Police in Queensland, Australia, said they arrested a woman for allegedly contaminating fresh strawberries with sewing needles, injuring at least one man.
Officials charged the 50-year-old woman with seven counts of contaminating goods after a months-long investigation.
There were hundreds of reports of needles found in strawberries starting in September, peak strawberry season in Australia. One man was hospitalized after biting into one and swallowing half a needle.
Police believed some of the incidents were copy cats, and in September arrested a boy who confessed to putting needles in strawberries.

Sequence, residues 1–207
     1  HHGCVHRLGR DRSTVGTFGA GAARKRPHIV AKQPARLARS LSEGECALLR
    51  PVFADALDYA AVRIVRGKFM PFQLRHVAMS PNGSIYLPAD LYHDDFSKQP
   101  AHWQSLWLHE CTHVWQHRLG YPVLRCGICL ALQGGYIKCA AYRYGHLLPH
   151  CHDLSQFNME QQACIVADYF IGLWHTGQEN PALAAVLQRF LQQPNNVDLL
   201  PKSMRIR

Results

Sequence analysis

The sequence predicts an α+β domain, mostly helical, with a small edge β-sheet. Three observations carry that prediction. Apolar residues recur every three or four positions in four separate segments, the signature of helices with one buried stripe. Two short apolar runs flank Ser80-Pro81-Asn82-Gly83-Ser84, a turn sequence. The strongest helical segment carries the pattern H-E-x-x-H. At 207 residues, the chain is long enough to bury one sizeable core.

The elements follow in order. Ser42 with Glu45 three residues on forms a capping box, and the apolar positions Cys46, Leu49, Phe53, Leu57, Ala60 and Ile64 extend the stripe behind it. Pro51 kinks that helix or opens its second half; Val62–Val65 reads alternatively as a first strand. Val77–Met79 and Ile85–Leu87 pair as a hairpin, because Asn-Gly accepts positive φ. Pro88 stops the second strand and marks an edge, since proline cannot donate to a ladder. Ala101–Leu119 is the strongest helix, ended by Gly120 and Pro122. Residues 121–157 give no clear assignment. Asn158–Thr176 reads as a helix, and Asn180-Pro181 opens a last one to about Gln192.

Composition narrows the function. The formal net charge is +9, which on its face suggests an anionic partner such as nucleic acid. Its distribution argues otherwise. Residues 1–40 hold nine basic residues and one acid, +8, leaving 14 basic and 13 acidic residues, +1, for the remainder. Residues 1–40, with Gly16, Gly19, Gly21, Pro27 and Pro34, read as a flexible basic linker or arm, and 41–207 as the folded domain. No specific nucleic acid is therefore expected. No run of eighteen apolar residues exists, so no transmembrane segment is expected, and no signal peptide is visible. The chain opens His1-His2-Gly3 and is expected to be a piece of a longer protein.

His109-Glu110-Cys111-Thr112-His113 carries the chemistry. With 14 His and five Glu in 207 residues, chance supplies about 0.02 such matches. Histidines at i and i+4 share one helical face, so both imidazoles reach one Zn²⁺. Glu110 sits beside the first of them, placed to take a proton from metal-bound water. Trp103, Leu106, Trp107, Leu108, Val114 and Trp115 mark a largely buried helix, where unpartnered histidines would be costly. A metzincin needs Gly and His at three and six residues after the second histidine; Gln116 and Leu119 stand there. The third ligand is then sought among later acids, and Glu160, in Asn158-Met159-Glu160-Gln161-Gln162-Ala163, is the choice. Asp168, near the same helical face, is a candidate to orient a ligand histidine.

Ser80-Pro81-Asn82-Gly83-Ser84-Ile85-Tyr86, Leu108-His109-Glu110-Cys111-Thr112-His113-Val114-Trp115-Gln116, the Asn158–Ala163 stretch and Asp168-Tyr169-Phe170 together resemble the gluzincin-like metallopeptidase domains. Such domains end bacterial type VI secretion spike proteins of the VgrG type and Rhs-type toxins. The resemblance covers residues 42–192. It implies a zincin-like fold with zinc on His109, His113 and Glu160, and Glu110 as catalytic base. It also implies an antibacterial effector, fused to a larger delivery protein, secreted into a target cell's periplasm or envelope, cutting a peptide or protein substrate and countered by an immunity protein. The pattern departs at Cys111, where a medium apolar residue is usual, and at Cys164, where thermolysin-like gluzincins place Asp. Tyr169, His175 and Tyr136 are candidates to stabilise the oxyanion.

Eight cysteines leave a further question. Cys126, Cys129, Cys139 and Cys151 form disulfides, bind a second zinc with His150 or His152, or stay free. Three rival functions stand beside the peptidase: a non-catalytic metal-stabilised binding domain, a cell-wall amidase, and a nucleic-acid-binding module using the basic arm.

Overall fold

The scare prompted consumers to avoid the fruit and grocery stories to dump stock during peak season.
Queensland Strawberry Growers Association spokeswoman Jennifer Rowling told Australia’s ABC News the contaminations had a “crippling impact” on the country’s strawberry industry.
Amid the scare, the Australian government increased the maximum prison sentence from 10 years to 15 years for fruit tampering.
“It’s not funny, putting the livelihoods of hard-working Australians at risk, and you are scaring children. And you are a coward and a grub,” Prime Minister Scott Morrison said at the time.
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